On the Eighth Day of Christmas – are we going off milk?

At the latest estimates, UK dairy farmers were estimated to be producing over 14 billion litres of milk per year. But are we actually drinking as much of the white stuff as we used to, and if not, why not?

On the eighth day of Christmas, my true love gave to me eight maids-a-milking…

Milk is often a quintessential part of our days, soaking our corn flakes or taking the edge off our cups of tea or coffee. In society at large, there is increased awareness of issues surrounding the consumption of it, including lactose intolerance and the need to find healthier, lower-fat options.

Some brands of milk aren’t even derived from dairy farmers – a lot of fuss is made about switching from dairy milk to soy, almond and other varieties. Does it matter, or is it just a lot of crying over spilt milk?

Dairy consumption is tanking

Since 1974, per capita dairy milk consumption has dropped 50 per cent, according to a Family Food Study by Defra. Most households still make purchases of the white stuff – 98.5 per cent, according to Kantar. However, the composition of this liquid is changing in line with our evolving tastes.

As of 2018, 4.6 per cent of the milk we bought was derived from non-dairy-based sources, including almonds and oats. This represents a small share of the milk market, but it is growing in size over time. The benefit of ditching dairy for plant-based milk is that you spend less time using fewer resources to sustain the cows to produce your milk in most cases.

In addition, the global dairy industry is responsible for a considerable amount of the world’s methane and nitrous oxide emissions. The situation is so serious, in fact, that one study by the Institute for Agriculture and Trade Policy found just 13 dairy farms around the world emit as much greenhouse gas emissions as the UK as a whole.

The study blamed ‘Big Dairy’ for accelerating climate change, and even hollowing out communities, as smaller farming communities struggle to keep up with larger rivals, in churning out supplies quick enough.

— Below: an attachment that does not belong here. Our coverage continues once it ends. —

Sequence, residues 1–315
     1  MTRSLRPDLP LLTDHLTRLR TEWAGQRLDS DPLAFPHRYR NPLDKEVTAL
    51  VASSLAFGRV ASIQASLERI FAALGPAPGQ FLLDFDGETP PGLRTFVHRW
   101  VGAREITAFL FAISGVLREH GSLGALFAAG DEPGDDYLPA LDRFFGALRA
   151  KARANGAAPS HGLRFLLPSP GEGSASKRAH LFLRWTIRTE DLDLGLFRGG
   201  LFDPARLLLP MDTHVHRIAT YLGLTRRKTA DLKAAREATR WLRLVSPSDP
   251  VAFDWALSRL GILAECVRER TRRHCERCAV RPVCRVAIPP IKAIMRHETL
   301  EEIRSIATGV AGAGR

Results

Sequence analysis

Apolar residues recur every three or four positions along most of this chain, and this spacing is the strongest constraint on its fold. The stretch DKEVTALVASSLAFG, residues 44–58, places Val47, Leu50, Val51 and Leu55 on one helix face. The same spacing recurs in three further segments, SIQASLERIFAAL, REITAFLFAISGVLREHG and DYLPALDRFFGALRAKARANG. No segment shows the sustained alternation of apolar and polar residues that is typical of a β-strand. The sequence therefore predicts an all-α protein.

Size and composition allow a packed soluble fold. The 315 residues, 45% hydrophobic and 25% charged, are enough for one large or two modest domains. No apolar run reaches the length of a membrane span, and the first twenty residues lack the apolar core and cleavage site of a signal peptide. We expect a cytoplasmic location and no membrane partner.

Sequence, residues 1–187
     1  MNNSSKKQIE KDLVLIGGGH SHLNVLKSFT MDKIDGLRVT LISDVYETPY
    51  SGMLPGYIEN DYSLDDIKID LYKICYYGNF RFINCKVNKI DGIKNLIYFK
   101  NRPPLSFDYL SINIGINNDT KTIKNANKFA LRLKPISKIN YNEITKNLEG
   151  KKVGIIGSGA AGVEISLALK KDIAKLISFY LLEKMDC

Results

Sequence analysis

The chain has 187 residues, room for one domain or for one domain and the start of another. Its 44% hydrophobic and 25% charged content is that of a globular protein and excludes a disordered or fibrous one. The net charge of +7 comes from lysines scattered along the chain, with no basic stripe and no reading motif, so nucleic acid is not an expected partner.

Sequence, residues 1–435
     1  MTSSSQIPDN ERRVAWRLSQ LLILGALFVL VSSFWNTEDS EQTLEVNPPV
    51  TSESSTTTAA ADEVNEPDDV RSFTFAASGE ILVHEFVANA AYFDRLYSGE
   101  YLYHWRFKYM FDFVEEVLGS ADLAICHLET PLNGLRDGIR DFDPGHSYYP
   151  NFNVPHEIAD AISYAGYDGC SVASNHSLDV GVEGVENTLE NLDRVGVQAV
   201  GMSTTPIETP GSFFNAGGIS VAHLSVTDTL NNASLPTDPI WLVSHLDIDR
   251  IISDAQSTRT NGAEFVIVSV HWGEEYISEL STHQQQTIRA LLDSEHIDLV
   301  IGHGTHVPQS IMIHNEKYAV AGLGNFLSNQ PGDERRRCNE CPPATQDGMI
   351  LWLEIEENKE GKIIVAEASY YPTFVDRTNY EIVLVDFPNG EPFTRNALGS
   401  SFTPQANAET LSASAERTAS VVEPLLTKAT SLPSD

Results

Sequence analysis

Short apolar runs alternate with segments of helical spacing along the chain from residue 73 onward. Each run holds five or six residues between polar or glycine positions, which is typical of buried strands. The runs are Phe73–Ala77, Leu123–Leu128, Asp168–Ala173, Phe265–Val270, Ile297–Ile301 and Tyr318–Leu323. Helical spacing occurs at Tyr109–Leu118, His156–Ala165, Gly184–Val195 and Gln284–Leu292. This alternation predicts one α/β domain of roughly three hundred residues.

A greener way to find white stuff

The science is clear – non-dairy milk is greener than dairy, as it requires fewer resources and emits less greenhouse gases, according to an Oxford University study. That being said, alternative forms of milk can have varied environmental and societal impacts, which need to be taken into account.

Coconut milk, for example, is a bit of a glass half empty story, as Peta recently revealed that monkeys had been abused, chained up and forced to pick coconuts by unscrupulous farmers in Thailand, just to collect a bit of coconut milk. Almond milk is also a mixed bag of nuts, as almond farming requires large amounts of water, and places strain on commercial beekeepers, whose bees often die trying to fertilise a large number of almond crops.

Soy and oat-based milk, however, are purported to be two of the best milk varieties in terms of sustainability. Soy-based milk requires less water than almond milk, and produces much less greenhouse gases than dairy. Oat-based milk, meanwhile, is easily made and ensures lower emissions, while remaining highly nutritious.

Whichever variety of milk you choose, it pays to carry out the necessary research, to see which brands are doing their bit to make sure they minimise their impact on the environment, while producing a healthy, tasty drink.

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